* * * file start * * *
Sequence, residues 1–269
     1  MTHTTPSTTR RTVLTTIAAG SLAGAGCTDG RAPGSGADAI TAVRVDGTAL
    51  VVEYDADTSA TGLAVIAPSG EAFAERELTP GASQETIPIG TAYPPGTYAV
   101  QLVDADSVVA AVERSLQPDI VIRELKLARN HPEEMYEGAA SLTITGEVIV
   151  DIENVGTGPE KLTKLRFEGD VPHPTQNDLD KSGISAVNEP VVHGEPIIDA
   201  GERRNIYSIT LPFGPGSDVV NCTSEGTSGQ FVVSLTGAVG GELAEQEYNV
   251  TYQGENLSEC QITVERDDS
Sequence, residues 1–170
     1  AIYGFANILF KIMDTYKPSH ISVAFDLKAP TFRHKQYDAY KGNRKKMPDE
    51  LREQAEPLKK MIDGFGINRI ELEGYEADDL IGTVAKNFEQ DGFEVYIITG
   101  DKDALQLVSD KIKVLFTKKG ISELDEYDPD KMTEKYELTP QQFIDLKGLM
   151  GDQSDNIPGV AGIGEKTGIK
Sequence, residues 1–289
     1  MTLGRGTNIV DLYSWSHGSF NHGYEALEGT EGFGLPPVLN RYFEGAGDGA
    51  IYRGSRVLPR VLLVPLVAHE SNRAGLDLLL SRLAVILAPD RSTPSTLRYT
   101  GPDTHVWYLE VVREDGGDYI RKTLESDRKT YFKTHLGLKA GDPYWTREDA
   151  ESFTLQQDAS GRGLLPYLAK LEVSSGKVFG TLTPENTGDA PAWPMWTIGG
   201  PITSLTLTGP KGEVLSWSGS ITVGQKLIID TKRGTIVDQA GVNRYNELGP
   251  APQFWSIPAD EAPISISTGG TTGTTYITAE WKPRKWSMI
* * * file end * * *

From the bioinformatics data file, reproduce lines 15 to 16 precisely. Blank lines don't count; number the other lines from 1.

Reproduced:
    51  IYRGSRVLPR VLLVPLVAHE SNRAGLDLLL SRLAVILAPD RSTPSTLRYT
   101  GPDTHVWYLE VVREDGGDYI RKTLESDRKT YFKTHLGLKA GDPYWTREDA